How to Handle the Behavior Problems with Alzheimer’s Disease
Published July 31, 2012 by Francesca Robinson, MA in Alzheimer's /Dementia, Senior Health & Wellness
As Alzheimer’s Disease progresses, changes in the brain cause decline in short-term memory and a slowing down in learning ability. There is a general decrease in cognitive powers, which affect the individual’s memory, thinking, reasoning, judgment and behavior. These changes, which occur throughout the nervous system, often cause an individual to become confused. As a caregiver or loved one it is important to understand the behavior as well as how to handle the behavior problems with Alzheimer’s Disease.
Recurring behavior is doing the same act over and over (e.g. folding a towel).
How to handle this behavior– Allow the individual to continue the repetitive behavior or provide distraction such as taking the individual for a walk.
Abnormal Sexual Behavior
Sexual behavior may involve the wrong person, at the wrong time, in the wrong place. Or it may involve inappropriate action (e.g. exposing themselves or masturbating in front of others).
How to handle this behavior– Encourage affection with individual’s sexual partner. Lead individual to a private area when behavior is inappropriate.
Screaming occurs in an attempt to communicate. It can involve screaming a name, a word or simply making yelling sounds.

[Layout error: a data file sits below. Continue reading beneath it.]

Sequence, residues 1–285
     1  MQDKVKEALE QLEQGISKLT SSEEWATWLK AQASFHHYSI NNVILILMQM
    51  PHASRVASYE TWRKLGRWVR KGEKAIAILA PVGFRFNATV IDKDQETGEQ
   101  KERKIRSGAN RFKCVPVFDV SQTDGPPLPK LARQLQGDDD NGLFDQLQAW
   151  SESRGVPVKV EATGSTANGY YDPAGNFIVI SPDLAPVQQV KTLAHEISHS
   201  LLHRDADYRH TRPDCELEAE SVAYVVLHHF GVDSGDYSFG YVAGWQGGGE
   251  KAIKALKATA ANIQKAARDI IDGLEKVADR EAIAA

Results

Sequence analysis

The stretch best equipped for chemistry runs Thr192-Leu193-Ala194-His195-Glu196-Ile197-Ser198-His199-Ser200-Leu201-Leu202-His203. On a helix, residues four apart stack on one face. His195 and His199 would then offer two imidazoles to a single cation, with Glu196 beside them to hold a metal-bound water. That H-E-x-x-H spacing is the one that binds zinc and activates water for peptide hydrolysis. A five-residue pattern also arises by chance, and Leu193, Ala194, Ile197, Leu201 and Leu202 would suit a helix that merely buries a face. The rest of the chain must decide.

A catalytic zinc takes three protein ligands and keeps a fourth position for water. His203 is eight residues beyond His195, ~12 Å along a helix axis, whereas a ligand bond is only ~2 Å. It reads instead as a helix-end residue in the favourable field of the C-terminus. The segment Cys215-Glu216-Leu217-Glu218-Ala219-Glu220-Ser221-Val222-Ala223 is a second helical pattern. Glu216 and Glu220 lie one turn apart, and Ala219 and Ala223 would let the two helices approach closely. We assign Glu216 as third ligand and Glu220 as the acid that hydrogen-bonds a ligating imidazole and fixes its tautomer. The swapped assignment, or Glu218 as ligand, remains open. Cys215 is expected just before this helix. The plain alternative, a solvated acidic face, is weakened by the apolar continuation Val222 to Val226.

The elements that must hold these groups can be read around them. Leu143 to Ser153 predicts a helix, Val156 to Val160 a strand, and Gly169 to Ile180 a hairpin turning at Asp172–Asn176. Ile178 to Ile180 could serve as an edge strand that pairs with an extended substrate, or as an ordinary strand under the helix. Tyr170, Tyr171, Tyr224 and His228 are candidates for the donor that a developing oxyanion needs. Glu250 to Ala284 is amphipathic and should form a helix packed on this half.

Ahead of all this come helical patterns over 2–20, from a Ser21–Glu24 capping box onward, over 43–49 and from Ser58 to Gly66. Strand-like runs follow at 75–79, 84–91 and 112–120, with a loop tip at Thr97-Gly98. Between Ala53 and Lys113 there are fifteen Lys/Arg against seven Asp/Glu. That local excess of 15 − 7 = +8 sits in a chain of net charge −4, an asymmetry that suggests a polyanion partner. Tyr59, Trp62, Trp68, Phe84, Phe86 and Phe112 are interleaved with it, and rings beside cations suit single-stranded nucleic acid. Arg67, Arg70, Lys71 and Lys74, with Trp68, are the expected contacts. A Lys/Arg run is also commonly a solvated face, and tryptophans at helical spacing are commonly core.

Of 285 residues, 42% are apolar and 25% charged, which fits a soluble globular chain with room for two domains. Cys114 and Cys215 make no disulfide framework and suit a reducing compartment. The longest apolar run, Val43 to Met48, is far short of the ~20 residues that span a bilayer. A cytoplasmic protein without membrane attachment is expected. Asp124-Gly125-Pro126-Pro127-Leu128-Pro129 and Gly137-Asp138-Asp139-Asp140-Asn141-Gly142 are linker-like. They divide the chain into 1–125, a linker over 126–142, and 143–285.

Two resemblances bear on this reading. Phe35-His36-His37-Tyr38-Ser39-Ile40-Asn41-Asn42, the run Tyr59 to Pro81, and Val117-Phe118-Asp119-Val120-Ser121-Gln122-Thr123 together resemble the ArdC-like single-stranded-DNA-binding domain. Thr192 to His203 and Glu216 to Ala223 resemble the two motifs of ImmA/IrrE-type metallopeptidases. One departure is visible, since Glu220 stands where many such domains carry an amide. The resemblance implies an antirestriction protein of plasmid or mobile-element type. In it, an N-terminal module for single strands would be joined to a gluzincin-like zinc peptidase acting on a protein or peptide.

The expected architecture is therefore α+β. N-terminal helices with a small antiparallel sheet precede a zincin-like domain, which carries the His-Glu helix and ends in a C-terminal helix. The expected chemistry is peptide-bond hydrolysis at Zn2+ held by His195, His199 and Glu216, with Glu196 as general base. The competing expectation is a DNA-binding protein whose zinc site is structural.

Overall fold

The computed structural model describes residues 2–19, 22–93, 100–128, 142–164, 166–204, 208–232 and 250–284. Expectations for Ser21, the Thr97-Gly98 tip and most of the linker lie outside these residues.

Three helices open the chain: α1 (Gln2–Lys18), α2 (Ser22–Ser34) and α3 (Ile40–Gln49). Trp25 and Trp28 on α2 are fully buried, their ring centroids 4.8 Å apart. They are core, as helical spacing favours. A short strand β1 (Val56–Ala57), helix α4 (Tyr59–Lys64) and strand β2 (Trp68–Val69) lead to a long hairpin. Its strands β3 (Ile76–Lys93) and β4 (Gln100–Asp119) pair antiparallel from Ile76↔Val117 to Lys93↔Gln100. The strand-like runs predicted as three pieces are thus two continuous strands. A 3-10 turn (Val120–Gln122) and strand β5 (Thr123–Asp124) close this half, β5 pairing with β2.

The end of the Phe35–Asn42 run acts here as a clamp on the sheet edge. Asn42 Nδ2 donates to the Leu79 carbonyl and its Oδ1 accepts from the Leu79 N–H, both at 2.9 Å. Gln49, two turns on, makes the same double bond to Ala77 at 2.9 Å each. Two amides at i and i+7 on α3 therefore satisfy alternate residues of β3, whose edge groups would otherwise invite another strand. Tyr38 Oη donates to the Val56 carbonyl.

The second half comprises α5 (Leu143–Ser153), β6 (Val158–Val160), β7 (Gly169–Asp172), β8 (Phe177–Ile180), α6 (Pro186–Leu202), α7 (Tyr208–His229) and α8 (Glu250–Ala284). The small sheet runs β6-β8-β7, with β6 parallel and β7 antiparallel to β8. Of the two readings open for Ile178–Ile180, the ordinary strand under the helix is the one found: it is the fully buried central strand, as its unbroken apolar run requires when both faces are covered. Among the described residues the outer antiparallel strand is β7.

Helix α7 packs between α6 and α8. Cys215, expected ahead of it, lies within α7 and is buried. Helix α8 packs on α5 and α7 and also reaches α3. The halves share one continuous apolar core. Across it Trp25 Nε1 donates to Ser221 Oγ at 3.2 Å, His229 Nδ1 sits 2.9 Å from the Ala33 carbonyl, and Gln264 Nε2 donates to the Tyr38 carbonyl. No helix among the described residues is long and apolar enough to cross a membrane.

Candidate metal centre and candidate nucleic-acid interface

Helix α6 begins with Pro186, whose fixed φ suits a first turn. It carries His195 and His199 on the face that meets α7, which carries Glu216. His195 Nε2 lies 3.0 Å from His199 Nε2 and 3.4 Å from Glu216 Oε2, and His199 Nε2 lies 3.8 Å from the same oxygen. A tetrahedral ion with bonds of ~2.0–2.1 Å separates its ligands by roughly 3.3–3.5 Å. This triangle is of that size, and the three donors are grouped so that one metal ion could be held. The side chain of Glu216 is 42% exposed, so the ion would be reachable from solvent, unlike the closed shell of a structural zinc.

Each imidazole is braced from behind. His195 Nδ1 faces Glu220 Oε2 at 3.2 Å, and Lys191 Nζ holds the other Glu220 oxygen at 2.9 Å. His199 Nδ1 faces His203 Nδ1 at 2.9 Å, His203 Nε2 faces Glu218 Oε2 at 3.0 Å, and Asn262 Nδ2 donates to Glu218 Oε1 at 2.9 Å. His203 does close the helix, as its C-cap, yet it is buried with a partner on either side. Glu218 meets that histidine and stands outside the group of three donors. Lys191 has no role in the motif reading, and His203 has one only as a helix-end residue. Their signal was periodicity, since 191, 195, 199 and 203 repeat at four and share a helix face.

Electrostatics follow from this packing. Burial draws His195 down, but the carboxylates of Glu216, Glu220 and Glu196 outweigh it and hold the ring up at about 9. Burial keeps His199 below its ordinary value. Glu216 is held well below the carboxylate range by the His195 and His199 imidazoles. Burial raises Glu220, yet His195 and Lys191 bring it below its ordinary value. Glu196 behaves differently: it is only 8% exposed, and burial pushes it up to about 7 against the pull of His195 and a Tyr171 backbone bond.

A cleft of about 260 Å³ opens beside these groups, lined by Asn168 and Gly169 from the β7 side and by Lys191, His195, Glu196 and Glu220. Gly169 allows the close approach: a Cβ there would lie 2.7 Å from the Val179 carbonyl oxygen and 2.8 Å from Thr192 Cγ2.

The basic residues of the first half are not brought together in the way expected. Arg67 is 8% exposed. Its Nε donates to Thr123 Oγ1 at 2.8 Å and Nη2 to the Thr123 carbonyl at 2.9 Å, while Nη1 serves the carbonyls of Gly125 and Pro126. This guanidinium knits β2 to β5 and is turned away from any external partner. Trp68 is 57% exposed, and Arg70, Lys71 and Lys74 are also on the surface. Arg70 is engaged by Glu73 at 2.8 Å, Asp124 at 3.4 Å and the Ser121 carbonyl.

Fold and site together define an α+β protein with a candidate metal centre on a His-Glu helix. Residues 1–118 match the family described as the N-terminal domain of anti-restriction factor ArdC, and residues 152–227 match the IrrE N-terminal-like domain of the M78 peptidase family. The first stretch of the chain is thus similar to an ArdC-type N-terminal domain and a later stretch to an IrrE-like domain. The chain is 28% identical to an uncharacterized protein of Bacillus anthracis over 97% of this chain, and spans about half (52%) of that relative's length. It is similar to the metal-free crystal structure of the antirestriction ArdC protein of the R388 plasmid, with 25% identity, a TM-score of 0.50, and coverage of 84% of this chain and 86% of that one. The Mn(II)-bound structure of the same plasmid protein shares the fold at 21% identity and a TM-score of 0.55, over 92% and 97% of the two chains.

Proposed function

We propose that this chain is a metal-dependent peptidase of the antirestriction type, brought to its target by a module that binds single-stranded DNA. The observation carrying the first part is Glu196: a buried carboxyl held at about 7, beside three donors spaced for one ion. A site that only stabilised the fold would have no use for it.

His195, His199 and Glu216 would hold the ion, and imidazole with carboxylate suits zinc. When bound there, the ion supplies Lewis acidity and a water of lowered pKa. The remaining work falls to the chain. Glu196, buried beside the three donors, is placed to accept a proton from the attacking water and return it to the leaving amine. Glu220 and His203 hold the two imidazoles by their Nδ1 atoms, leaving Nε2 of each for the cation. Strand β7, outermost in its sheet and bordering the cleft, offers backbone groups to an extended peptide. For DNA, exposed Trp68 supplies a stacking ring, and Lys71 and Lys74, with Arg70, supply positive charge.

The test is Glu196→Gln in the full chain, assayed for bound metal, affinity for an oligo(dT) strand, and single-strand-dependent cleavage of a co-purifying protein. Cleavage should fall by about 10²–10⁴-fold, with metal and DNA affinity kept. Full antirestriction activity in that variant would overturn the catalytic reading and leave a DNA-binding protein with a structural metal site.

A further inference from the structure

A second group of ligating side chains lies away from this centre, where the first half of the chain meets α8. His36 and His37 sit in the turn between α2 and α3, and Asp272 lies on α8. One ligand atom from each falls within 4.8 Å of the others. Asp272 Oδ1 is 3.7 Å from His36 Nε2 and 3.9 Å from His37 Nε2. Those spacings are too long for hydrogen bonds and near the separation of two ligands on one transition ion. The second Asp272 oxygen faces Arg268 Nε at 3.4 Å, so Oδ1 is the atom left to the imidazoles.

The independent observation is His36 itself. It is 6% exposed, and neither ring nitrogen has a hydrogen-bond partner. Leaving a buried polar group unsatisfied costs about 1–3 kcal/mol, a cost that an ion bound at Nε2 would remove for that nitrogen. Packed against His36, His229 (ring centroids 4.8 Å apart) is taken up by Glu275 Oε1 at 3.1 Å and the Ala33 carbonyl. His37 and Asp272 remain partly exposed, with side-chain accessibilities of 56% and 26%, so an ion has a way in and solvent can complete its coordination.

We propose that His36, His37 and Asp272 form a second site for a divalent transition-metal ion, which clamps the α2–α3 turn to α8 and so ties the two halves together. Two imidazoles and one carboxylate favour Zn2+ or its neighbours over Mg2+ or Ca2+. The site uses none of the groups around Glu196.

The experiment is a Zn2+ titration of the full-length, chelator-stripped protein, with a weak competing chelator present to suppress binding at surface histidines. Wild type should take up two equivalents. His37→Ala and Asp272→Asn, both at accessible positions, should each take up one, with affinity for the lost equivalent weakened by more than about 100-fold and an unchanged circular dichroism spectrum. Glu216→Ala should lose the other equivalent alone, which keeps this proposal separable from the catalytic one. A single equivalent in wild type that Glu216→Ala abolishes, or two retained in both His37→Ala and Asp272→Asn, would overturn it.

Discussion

How to handle this behavior Provide a calm and quiet environment. Consult a physician to determine if there are vision or hearing problems.
Aggression and combativeness often occur because of restlessness or agitation (e.g. hitting, punching, biting).
How to handle this behavior- Do not argue with the individual, remain calm and collected, and be sure to protect your own safety.
An agitated individual may walk back and forth, hit or yell.
How to handle this behavior Determine why the individual is agitated (e.g. Hungry? In pain? Insufficient sleep?). Maintain a calm and quiet environment.
Disastrous responses are extreme responses, with the individual reacting as if a major disaster has occurred.
How to handle this behavior– Avoid having too many stimuli present at one time (e.g .asking questions when the TV is on). Maintain a calm & quiet environment
Delusions area false beliefs, even when facts say differently. (e.g. An individual may think he/she is going to be murdered.)
How to handle this behavior Reassure individuals that you will protect them and they are safe. Use touch to calm them. Distract the individual with some type of activity
A hallucination is hearing, seeing smelling or feeling things that are not there. (e.g. Individuals may think snakes are in bed with them.)
How to handle this behavior– Reassure individuals that you will protect them from harm. Don’t argue with them, as they do not understand what you are saying.
Sundowning is the appearance of confusion, agitation, and other severely disruptive behavior coupled with inability to remain asleep. It occurs in the late afternoon & evening hours.
How to handle this behavior– Make sure their basic needs are looked after (e.g. hunger, toileting, warmth). Provide a calm setting at the end of the day. Keep a light on, as many individuals with Alzheimer’s Disease may be afraid of the dark.
Since Alzheimer’s Disease causes the individual to be disoriented in respect to person, place or time, they may become lost or use poor judgment, which compromises their safety.
How to handle this behavior– Ensure individuals are not able to wander off by securing safety locks at tops or bottoms of doors & windows. Keep their environment free from hazards.
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